We walked along the street, stopping in at various shops and admiring the views and taking photos of things. Near the taffy shop was a small farmers’ market, with about a dozen stalls selling fresh fruit, vegetables, baked goods, honey, jams, and so on. One stall sold home baked dog biscuits, and there were clearly a lot of dogs in the town, as many people were walking around with one on a leash. Further on we passed a small wooden church, where people were emerging from what was obviously a wedding. M. commented that we should wait to see the bride, but it turned out to be two guys getting married. They led a procession down the street past us, followed by lots of guests in formal dress waving rainbow coloured ribbons.

Lobster roll
Lobster roll at 1620 Brewhouse.

After a while we were getting hungry and it was approaching noon, so we started looking for a place to eat. We stopped at a place called 1620 Brewhouse, to ask the guy out the front if they had sandwiches. He showed us several sandwiches on the menu, and then said they had just opened two days ago. The sandwiches looked good, so we got a table near the front of the indoor area, looking right out onto the uncovered patio, where other people were basting in the sun. Since it was a brewhouse, I ordered a beer: an Indian pale ale brewed here in Massachusetts. It had a fruity aroma and was smooth but had a very bitter aftertaste. To eat I had to try the lobster sandwich, which came on a hot dog bun. M. got a pita wrap with hummus, feta, rocket, chipotle aioli, and some other things in it, which she declared excellent and a bit spicy. The lobster was good, and both came with coleslaw and a dill pickle spear. The coleslaw had sliced apple and cranberries in it, giving it a bit of sweetness.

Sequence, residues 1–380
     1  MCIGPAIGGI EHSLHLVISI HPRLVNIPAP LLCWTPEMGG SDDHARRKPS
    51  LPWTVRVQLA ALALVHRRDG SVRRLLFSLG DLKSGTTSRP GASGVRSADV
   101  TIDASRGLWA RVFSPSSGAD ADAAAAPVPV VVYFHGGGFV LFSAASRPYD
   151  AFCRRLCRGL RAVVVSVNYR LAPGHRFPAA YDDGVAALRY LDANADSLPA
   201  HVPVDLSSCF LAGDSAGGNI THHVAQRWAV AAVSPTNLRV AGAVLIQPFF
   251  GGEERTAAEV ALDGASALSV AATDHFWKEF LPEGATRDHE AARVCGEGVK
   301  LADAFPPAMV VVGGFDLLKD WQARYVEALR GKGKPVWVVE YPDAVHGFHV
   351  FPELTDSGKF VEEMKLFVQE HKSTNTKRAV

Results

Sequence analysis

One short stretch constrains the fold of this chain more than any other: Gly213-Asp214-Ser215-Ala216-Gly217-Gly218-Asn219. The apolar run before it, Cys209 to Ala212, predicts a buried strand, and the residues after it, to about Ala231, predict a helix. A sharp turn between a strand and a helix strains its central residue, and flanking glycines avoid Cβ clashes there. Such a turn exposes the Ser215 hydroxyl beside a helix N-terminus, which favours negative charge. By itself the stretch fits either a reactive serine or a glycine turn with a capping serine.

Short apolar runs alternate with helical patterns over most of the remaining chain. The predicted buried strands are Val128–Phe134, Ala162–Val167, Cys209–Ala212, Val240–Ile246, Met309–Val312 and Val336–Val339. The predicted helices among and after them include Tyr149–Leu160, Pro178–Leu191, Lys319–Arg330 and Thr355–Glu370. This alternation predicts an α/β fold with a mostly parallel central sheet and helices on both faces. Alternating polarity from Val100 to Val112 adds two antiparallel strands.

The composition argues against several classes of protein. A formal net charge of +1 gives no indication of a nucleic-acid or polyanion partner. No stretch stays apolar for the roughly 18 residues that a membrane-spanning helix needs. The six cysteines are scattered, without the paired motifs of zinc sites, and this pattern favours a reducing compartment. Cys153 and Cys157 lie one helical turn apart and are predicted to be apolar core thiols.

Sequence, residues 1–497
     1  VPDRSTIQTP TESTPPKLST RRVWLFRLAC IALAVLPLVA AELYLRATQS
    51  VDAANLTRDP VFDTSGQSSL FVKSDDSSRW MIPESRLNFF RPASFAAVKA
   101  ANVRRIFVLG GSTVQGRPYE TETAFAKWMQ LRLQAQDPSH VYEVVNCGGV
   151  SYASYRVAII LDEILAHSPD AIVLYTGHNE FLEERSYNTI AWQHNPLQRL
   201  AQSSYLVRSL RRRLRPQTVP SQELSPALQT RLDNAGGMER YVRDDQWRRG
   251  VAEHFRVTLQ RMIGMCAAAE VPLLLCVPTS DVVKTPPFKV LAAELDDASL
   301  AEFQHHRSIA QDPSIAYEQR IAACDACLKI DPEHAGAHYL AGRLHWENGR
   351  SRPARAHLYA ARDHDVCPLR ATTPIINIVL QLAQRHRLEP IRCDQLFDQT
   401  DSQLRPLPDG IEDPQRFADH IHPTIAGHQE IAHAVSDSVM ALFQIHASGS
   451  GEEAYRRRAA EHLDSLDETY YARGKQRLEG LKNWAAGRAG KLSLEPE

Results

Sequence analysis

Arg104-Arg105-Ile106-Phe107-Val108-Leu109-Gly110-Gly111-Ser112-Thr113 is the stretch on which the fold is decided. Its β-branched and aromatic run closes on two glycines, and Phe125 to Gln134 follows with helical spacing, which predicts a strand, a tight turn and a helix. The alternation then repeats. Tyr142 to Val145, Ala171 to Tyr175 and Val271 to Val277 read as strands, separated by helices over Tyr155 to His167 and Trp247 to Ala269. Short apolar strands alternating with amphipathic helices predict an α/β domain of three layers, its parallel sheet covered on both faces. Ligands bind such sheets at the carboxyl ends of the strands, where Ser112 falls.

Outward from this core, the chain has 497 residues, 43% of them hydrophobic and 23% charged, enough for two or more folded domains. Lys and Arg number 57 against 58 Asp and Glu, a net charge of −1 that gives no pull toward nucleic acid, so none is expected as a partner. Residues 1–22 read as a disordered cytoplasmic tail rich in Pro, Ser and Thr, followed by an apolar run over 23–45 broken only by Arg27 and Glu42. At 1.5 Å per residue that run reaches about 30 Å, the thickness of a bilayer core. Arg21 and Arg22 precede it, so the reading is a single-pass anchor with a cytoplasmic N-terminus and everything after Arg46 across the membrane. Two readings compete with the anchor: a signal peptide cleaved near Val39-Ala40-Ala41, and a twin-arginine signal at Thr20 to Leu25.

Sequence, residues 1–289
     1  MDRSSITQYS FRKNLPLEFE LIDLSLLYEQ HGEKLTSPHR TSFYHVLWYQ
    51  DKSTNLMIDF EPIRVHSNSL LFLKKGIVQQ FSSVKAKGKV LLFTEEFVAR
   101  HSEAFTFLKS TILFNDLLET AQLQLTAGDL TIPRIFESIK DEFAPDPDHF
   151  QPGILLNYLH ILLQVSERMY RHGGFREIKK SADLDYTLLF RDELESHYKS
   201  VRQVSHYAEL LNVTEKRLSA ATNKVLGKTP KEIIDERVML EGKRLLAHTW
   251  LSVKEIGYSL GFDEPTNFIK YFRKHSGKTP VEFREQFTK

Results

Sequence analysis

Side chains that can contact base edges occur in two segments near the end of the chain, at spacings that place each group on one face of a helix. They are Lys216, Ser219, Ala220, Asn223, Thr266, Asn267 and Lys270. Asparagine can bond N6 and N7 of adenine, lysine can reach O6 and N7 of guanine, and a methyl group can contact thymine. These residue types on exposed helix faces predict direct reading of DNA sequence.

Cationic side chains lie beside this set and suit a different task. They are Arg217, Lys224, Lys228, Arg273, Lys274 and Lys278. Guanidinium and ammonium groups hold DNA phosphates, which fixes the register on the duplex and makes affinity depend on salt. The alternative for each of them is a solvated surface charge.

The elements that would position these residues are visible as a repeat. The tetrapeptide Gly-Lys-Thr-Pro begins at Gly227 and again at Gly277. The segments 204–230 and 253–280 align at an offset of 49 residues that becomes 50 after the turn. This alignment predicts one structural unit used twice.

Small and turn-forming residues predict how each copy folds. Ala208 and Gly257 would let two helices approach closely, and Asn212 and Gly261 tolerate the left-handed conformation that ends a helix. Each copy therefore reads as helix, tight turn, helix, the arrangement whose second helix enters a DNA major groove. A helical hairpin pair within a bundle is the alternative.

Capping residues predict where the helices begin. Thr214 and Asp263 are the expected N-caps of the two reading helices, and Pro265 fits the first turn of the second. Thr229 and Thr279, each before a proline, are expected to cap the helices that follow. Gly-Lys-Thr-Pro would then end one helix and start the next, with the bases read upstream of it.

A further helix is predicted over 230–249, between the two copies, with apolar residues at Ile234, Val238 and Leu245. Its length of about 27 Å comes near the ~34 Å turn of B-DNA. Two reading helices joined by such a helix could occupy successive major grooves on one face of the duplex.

Cape Cod architecture
Architecture of the shops.

After lunch we continued walking in the same direction, as the street was long and had a lot of shops along it. We passed another good looking place to eat, called Local 186, which had custom built burgers with a wide range of ingredients. We decided it would be a good place to eat dinner about 18:00, giving us enough time to catch the 19:30 ferry back to Boston. I asked if we could book a table, but the lady said they only took bookings for parties of six or more, so I said we’d just show up around dinner time then. There were lots of wonderful looking bakeries and sweets shops, with too many sweet treats to even contemplate trying everything that looked good. I had a free fudge sample and turned down others. One place had chocolate turtles, with a choice of milk or dark chocolate, almonds, cashews, or pecans, and all dripping with caramel filling. I almost bought one, but they seemed large, and when a man near me bought one and the woman weighed it and declared it to cost over $7, I figured that I really wasn’t hungry enough to eat $7 worth of chocolate.

White Wind Inn
White Wind Inn.

We eventually reached a point where the shops petered out, to be replaced by accommodation, with house after house offering rooms, or rather not offering them as almost all had “no vacancy” signs displayed. We continued walking for a while, in case there were more shops further along, but after a while there were just houses with no sign of anything else, so we turned around and walked back. We passed the point where the wharf was and continued along the same street.

Livin' on the Pier
Absolute waterfront property.